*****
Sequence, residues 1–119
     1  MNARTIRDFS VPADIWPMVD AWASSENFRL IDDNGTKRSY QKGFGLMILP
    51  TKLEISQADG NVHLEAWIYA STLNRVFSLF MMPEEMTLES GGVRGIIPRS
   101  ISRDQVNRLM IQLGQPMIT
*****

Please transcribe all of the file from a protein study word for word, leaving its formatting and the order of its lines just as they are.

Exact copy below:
Sequence, residues 1–119
     1  MNARTIRDFS VPADIWPMVD AWASSENFRL IDDNGTKRSY QKGFGLMILP
    51  TKLEISQADG NVHLEAWIYA STLNRVFSLF MMPEEMTLES GGVRGIIPRS
   101  ISRDQVNRLM IQLGQPMIT